One day, my dad said, "We're mowing this dude's yard." So we go to the outskirts of Branson to this guy's house who turns out to be Johnny Cash.

I can remember mowing the grass and looking through his windows, seeing all this antique furniture in the living room and an acoustic guitar in the corner. For once in my life I wanted to be a thief.

Honestly plays at 9 p.m. Friday at Banana Joe's (275 King St.). For more information, visit www.honestlyband.com.



- Michael Lovett


"Music Industry News Network"

....Honestly is a band that must have taken its name from the way they write music - there is no other new band out there now who have such honest songs and convey such raw emotion through their instruments. One reviewer described them as being "brainier than Matchbox 20 or more melodic than Third Eye Blind." The radio-ready pop-rock songs of Honestly are vulnerable anthems, searching for answers with poignant lyrics as they pull at heartstrings and tickle at tear ducts. You won't want to miss being able to say you saw this band before they hit it big - they're already better than most bands on the radio now....
- 8.17.04


"Melodic.net"

A new band that you’ll have to watch out for, because here is a tremendous show in melodies, harmonies and refrains. All spiced with very nice production by Daniel Mendez (Lit, Eve 6 and more) and Dwight Alan Baker. It’s pure modern rock with flirts of midwest rock a la Big Tent Revival. Lead vocalist Justin Land (formerly of Mary’s Eyes) has a terrific voice somewhere around Ed Roland of Collective Soul and Johnny Rzeznik of the Goo Goo Dolls, and those bands are two influences worth mentioning. Other bands that I hear traces of are Counting Crows (on Honestly’s softer moments) and Matchbox 20. As I said, the guys are doing it very well and I’m quite sure we will see a proper release soon, because this is far too good to be unsigned. Until then, I suggest that all you readers out there take a little check at their homepage and be “first on the ball” so to speak. Songs worth mentioning are the opening rocker “In A Strange Way”, the softer “Nine Til’ Midnight”, and “All We Are”. But the whole album is well worth your attention, and this band is a diamond in the making. - Par Winberg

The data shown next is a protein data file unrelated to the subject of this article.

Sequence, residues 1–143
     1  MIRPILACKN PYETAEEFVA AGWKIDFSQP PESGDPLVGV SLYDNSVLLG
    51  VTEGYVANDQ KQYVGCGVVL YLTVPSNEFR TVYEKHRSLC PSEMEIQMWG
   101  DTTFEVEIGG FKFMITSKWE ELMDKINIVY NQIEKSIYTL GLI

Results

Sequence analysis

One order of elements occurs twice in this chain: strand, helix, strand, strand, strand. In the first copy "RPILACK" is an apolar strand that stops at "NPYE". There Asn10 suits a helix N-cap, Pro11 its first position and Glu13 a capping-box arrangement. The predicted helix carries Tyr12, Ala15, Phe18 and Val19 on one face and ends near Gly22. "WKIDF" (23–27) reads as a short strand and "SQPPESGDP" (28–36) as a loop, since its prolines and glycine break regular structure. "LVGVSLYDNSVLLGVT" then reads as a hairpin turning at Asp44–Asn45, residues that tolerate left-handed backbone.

"South of Mainstream"